Matthew Bourne doesn‘t look the way you’d expect. To judge from the critics, one would imagine the 41-year-old director-choreographer is a raffish and daring provocateur, boldly thrashing theatrical conventions. But in person, what‘s striking is his quaint English politeness, the understated, almost suburban appearance — cropped sandy blond hair, collegiate dress, an easy lope to his walk. Nothing about his boyish, Opie-next-door looks fits my image of the controversial auteur. Nothing in his soft-spoken demeanor reads as particularly radical or shocking — adjectives that have been applied to the successful string of dance productions he has created for his London-based company, Adventures in Motion Pictures. ”I’m not into shocking people — not really,“ Bourne says. ”The goal is to surprise audiences by not delivering exactly what they think they‘ve come to see. But,“ he adds with a sly smile, ”I do like making them feel slightly uncomfortable.“
For the better part of the last decade, Bourne and AMP have set about reinventing a high-art canon of stalwart if well-worn ballet classics, retrofitting them with decidedly contemporary sensibilities and sexual mores. As one dismissive British dance critic sniffed, Bourne has a habit of ”turning ballet’s older masterpieces upside-down and shaking them to see what falls out of their pockets.“ What falls out — some call it dance drama, others a form of musical theater — is audacious, ironic and often homoerotic. And, as it turns out, wildly popular. a
Bourne‘s 1995 coup de theatre Swan Lake — a sensitive tale of gay anomie that transformed a traditionally ethereal corps into a sexually feral flock of men — could easily have been archived under gay theater or contemporary dance theater and largely forgotten by all but a few die-hard advocates. Instead, it has been embraced by an eclectic fan base of queer theorists, Broadway enthusiasts and confirmed ballet haters; has won multiple theater and dance awards (including three Tonys); and to date has been seen by more than a million people worldwide. And it’s opened a door for a fresh and economically viable new form of entertainment. Bourne has made dancing fun again.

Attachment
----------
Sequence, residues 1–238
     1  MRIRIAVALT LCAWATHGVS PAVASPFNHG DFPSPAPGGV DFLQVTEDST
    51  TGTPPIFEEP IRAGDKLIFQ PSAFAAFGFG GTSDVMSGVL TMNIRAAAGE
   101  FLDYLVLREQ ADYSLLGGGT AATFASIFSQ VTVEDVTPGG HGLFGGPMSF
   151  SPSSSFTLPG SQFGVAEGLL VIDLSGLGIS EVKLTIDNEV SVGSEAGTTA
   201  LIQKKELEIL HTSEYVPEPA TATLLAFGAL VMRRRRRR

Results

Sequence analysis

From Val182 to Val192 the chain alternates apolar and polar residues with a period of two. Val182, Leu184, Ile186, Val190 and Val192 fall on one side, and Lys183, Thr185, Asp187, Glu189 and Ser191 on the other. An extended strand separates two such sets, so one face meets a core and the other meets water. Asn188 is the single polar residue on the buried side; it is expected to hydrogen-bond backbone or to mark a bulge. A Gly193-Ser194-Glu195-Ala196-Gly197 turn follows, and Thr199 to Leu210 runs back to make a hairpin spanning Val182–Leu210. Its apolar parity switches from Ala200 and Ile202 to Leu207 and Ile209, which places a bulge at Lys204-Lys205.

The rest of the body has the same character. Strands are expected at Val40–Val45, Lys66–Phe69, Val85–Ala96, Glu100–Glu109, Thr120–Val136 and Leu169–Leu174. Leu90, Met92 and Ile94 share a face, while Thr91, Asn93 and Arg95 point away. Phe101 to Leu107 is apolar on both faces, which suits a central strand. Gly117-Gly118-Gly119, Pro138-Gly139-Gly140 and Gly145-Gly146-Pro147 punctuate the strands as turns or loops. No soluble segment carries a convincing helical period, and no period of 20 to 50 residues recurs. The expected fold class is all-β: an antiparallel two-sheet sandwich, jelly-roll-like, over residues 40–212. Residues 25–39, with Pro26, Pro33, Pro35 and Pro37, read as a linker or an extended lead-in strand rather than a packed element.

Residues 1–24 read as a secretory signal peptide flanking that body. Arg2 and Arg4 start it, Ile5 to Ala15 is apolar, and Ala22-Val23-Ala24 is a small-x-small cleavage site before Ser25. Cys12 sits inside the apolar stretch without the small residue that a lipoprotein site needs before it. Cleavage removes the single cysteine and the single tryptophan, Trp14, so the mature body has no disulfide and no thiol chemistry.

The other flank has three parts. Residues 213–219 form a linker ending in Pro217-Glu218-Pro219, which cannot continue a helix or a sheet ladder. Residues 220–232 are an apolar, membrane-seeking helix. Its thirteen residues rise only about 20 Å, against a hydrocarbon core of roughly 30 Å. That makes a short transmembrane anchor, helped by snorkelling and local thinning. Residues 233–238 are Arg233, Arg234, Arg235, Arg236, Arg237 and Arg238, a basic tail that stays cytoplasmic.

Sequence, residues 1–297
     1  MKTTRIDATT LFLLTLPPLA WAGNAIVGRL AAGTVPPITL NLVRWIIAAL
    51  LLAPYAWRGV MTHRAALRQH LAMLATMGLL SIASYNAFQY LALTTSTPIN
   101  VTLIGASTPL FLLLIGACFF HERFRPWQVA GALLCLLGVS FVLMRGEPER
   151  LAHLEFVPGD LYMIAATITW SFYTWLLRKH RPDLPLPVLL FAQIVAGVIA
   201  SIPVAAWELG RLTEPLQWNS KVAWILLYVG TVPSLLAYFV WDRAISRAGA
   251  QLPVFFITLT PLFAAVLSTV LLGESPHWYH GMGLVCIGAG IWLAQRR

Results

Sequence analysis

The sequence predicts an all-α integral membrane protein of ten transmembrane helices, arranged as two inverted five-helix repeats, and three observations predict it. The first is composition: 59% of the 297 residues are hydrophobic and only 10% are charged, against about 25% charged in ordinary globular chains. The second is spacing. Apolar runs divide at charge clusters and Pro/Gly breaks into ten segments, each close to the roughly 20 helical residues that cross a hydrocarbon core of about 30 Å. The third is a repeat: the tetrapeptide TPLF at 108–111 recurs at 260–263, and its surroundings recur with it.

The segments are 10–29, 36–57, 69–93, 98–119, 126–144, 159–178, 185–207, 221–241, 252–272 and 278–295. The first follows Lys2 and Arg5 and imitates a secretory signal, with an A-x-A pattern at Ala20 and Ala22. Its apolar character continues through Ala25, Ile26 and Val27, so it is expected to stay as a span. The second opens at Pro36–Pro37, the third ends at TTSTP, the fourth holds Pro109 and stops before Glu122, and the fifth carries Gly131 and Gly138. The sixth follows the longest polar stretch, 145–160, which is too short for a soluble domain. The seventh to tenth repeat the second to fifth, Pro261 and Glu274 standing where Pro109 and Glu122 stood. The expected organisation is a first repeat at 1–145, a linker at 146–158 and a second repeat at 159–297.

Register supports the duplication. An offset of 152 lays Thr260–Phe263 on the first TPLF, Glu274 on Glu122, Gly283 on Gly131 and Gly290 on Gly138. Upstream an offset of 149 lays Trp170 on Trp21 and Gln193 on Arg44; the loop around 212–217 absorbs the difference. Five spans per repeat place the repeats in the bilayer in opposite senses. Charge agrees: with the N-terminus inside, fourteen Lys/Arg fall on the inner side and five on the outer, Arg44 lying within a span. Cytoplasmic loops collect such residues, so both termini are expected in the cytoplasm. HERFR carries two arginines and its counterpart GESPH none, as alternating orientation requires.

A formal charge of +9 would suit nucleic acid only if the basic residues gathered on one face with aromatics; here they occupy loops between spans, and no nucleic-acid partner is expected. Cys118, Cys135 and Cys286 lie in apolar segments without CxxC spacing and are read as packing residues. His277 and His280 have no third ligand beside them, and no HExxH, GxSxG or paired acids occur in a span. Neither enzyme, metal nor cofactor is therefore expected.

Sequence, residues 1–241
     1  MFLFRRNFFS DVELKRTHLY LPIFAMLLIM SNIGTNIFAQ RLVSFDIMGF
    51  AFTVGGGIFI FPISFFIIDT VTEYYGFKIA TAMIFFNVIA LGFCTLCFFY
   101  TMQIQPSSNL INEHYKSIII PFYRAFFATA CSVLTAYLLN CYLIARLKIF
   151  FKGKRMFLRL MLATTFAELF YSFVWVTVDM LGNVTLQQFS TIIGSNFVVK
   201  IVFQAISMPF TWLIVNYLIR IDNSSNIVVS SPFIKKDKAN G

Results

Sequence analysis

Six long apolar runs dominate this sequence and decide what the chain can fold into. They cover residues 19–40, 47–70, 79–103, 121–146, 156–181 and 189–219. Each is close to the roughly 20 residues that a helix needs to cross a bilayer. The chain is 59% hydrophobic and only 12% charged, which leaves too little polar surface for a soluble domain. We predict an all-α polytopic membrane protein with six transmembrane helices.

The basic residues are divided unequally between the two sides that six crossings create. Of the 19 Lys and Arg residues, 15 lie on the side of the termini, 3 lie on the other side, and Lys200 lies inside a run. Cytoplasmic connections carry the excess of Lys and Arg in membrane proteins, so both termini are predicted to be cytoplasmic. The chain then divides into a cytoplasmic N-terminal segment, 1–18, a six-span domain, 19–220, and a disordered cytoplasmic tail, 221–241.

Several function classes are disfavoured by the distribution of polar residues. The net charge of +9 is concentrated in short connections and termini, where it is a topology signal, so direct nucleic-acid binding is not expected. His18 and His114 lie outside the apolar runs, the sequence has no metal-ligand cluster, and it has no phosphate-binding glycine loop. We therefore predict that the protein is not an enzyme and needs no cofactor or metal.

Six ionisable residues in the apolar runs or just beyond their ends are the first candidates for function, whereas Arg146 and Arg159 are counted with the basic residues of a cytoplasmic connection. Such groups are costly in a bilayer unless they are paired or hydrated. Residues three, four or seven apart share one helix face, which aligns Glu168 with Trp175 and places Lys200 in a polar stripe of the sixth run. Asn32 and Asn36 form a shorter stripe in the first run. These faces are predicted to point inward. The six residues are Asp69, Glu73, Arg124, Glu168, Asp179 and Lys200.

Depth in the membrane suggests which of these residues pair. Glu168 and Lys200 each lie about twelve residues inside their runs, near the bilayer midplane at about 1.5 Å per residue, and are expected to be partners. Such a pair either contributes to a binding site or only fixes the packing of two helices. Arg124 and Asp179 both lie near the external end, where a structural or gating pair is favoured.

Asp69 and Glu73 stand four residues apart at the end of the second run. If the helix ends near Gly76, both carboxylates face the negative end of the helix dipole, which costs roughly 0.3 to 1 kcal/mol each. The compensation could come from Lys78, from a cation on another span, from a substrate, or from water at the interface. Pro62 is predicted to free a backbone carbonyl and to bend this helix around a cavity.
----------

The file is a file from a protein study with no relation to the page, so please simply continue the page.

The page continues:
The crossover success of Swan Lake, Cinderella and now his latest piece, The Car Man (currently winding up an eight-week run at the Ahmanson Theater), has as much to do with his narrative ingenuity as it does with his witty visual double-entendres, elaborate production design or decision to infuse a storyline with deliciously frank sexuality. Although his work is dressed in the trappings of irreverence, what has audiences returning again and again is Bourne‘s knack for crafting sincere stories designed for an ironic generation.
While in Los Angeles for The Car Man, Bourne has been taking nonstop meetings. ”Everyone in town is talking to Matthew about something,“ says Ahmanson press associate Ken Werther. Some of these conversations are about bringing Bourne’s version of The Nutcracker to town. Others concern his next big project, a Bourne-ified version of Tim Burton‘s film Edward Scissorhands. (The rumor floating around is that its world premiere will occur sometime during the Ahmanson’s 2002–03 season.) And there‘s talk about Bourne directing a film. ”Every time I come to L.A., I’m approached,“ he says, ”and each time it gets a little more concrete. Obviously, I wouldn‘t just go do an ordinary movie. It has to use what I’ve learned from the work we‘re doing now. It’s a particular skill the company has developed, and we‘re sort of proud of it. I suppose that’s why I‘ve kept at it.“
AMP was founded in 1987 by a group of classmates from London’s Laban Centre, choreographers who shared repertory evenings. By 1991, all the members save for Bourne had left to pursue other interests — one member joined the Pet Shop Boys on tour, another started his own company — and Bourne was left wondering whether to continue or not. He decided to put on one last show, a Noel Coward–esque spoof on Englishness called Town & Country. According to Bourne, the piece turned out to be a major turning point in his career. He found a cadre of dedicated dancers (including Etta Murfitt and Scott Ambler, now AMP associate artistic directors) and solidified the AMP formula. ”It formed our way of working — the sense of humor, the idea of calling upon any kind of influence to say what we wanted to say. We had a country clog dance, and a dance on scooters. It was all about the ideas and trying anything to make it work.“